My young boyfriend, Brandon West (same last name, but not related—it’s not that small of a town) would roll up to me with his hand out and I’d take a few laps with one eye on his sweet baby blues and one eye on his rad speed skates.

And as I belted out Hard Habit To Break in my head, it was unclear if I was thinking of Brandon or how to pick up the pieces of my wrecked speed skating dreams.

Do you know how many races I’d have won in these? Spoiler alert: ALL OF THEM.

Do you know how many races I’d have won in these? Spoiler alert: ALL OF THEM.

I already know my mom’s going to read this in Emmy-worthy mock-shock, feigning ignorance and swearing she had no clue about the depths of my obsession. She’ll say, “What? When was this? All you ever seemed to care about was snack money and the limbo! Sweetheart, if we’d only known, we’d have gotten them for you!” And to this, some (cough-cough) x-number of years later, I say, “Well-played, Mother, well-played.”

I’d love for you to join me on Facebook … it’s good for your health.

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29 thoughts on “Thou Shalt Not Covet

  1. I coveted a skateboard when I was 12 but my Dad, the recycle king before it was cool, built me one out of wood leftover from our deck and old rollerskate wheels. I went down the driveway once. I’m sure I could have been something if I only had the proper equipment.

    • Crazy to me how adults weren’t clicking in on “PROPER EQUIPMENT” … how were we to excel and become an X-Gamer with makeshift and/or faulty gear? HUH?? Thx for reading!

  2. In kindergarten, I invited my “girlfriend” Kerri Something-or-other (whose attentions I obtained through sheer bribery) to a church skating outing. Then I sat in the snack bar shoving crap down my throat while she whizzed around the rink with other people she knew because I had not, in my young mind, made the connection between asking someone to go skating with you and knowing how to skate. And thus began my ongoing relationship with skating and skating rinks…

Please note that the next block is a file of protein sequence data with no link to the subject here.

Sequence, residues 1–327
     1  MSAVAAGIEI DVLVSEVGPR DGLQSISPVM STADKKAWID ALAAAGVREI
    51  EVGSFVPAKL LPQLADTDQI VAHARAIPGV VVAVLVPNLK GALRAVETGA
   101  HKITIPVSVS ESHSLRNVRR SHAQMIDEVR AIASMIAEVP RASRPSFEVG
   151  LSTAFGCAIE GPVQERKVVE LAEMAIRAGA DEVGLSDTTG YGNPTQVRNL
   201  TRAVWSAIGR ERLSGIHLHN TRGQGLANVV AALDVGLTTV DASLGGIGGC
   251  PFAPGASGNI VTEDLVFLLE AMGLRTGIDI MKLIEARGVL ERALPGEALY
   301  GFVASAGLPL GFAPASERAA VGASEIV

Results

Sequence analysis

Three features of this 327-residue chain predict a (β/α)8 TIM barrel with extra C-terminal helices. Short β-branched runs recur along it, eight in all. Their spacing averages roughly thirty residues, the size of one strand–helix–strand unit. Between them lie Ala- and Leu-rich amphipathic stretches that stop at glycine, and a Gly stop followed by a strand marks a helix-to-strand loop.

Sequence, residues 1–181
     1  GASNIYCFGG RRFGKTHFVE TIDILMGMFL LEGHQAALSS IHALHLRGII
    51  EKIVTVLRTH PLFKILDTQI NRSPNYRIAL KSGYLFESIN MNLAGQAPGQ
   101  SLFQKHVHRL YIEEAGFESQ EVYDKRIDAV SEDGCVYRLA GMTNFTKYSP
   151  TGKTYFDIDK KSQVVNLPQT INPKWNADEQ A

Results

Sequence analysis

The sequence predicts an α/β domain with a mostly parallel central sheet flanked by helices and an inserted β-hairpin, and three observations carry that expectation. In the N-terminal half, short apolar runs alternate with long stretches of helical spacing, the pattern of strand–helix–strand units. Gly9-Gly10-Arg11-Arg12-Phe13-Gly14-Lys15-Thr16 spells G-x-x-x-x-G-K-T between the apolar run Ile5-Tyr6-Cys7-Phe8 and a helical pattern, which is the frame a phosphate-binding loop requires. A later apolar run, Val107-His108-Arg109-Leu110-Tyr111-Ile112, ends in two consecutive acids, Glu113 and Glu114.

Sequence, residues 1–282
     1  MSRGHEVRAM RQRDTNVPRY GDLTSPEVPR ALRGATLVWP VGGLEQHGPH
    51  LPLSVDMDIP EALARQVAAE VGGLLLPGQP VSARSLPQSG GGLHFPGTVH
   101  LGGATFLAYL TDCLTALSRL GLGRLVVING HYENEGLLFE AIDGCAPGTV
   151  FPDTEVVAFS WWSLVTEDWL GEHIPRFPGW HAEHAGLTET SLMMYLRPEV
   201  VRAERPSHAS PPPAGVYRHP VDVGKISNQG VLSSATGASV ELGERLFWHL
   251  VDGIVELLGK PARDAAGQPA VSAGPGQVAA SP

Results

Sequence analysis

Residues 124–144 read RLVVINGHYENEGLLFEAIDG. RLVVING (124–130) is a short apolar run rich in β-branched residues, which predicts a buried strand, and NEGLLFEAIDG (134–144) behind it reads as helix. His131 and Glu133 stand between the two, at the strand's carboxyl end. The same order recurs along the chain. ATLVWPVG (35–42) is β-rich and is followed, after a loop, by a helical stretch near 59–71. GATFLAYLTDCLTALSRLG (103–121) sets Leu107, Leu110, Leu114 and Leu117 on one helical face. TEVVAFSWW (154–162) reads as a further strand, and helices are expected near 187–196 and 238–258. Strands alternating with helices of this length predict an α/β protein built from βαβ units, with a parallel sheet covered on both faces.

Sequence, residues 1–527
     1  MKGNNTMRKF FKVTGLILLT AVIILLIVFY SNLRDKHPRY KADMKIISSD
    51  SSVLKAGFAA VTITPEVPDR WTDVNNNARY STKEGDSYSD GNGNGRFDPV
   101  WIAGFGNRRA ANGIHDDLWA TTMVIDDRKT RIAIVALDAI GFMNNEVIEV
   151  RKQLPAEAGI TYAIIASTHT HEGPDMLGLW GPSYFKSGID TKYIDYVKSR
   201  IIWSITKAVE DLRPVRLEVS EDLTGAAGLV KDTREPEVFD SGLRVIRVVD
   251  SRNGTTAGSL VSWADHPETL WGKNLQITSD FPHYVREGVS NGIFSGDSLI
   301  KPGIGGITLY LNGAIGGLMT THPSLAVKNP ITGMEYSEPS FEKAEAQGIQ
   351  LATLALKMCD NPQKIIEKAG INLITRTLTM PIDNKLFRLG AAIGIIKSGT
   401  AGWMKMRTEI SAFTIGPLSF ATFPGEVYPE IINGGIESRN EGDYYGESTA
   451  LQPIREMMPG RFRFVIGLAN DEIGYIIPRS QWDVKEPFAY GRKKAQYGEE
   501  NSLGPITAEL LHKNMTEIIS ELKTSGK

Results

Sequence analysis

3. YES – can’t tell you how happy I am that the ankle weights made an appearance (albeit, a small one). And though I wasn’t on skates, I won my fair share of limbo contests during the Bar Mitzvah Party circuit circa 1993. Shall we compete?? 🙂

  4. Once again Anna, you take me back to some of the best memories of childhood. I know you didn’t name names, but I feel certain you were referring to a couple of red headed racing sisters! Man could they tear up the rink! They made even me want to have those heavenly speed skates.

    Good stuff! Keep em coming.

    • Jana! Love taking you back to our great childhood 🙂 The Browns? Something else, huh? HOWEVER … proper gear for Anna Banana and Jana Banana? Watch out y’all.

  5. You poor poor baby. If I had only known. There, I got the apology out of the way. Now – let’s rectify the situation. I will buy you a pair of speed skates for your next birthday (if I don’t forget). By the way, is the limbo what taught you how to “stoop so low” in your quest to remember things in a “slightly” more dramatic light than how I remember them? Just wonderin’.
    Funny, funny, funny. You make me happy, happy, happy.

    • Your apology feels flimsy. It’s almost like you don’t remember or believe me … which I find peculiar, to say the least. I bet your ears perked up at the mention of pork chops though, since those were always in stock, while my speed skates (and future) hung in the balance. Just so you know … I’m BARELY over all this. And also, I wear 7.5.

  6. Ok. I’m not completely denying that we didn’t get you speed skates, but I have a vague memory of ordering skates from Mr. Robertson (?), owner of the skating rink. What was that about? I feel bad smiling and even laughing over your 12 year old angst, but it’s just funny! Your fingers along the rail as you raced? Who remembers such things?